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Reading Louise Erdrich

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Love Medicine is like One Hundred Years of Solitude all over. A multi-generational story spun around two Native Indian families. Family chart should be kept at arm’s legth the whole time the novel is being read. Once reader gets over the complicated relationships, the reading is a magical realism of the native land and traditions.

Love Medicine opens in 1981 with the death of beautiful but broken June Kashpaw. June stumbles from a truck cab and runs from a stranger who calls her by another woman’s name as he makes love to her. She sets out for her home on a North Dakota Chippewa reservation, following her instincts through a later winter storm. But her sharp survival skills, honed in a lifetime of living out-of-doors, cannot overpower the snowstorm or keep her warm in a pair of jeans and a thin jacket.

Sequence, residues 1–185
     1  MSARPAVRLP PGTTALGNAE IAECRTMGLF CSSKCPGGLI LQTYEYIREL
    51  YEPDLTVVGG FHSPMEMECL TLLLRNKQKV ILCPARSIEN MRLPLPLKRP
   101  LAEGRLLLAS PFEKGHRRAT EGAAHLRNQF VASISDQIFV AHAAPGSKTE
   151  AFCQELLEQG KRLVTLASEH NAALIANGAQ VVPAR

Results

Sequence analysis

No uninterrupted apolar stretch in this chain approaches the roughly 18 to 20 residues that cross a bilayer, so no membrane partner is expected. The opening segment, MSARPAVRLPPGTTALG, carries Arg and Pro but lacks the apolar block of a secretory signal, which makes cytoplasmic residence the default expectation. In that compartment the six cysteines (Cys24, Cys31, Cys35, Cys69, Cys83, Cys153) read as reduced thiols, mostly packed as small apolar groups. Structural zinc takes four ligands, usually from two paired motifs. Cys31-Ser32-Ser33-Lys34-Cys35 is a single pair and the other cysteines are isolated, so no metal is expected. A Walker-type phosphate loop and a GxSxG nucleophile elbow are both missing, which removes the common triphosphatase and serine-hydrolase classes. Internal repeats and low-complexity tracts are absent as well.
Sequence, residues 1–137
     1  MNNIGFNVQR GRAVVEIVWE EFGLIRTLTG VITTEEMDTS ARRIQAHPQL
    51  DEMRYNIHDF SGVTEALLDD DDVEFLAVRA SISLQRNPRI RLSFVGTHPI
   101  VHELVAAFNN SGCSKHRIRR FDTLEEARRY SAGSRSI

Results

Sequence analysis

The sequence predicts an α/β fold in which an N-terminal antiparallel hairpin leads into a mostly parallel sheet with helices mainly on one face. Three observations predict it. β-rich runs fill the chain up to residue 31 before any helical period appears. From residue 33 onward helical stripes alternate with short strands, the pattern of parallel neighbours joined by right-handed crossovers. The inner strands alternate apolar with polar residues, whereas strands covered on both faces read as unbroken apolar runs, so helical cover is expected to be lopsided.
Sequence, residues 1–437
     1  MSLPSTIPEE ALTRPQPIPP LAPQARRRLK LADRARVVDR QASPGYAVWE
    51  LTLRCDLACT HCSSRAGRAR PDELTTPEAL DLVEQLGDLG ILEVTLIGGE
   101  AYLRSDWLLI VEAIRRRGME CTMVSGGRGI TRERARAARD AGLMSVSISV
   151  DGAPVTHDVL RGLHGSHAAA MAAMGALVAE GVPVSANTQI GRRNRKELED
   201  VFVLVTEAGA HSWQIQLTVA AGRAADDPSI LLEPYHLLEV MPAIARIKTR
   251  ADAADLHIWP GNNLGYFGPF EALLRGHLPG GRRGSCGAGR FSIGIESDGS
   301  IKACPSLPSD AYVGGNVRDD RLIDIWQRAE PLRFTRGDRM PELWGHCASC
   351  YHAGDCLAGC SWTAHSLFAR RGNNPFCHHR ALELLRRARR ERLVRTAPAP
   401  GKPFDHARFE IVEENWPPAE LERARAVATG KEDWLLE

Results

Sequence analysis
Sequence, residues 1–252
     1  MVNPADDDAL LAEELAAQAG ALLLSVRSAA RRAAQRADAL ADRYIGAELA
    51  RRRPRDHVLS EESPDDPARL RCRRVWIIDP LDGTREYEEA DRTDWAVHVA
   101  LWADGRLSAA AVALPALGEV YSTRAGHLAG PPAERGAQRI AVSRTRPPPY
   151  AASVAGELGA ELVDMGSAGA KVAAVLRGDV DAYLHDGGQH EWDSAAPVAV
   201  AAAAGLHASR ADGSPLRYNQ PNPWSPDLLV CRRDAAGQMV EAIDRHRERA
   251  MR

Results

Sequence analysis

It is challenging to keep straight the shared bloodlines and histories. I believe later editions contain a family tree of sorts. But Erdrich explains these connected lives in a way that you realize they are like the root system of an aspen tree—one tree, standing alone, is really part of a vast forest.

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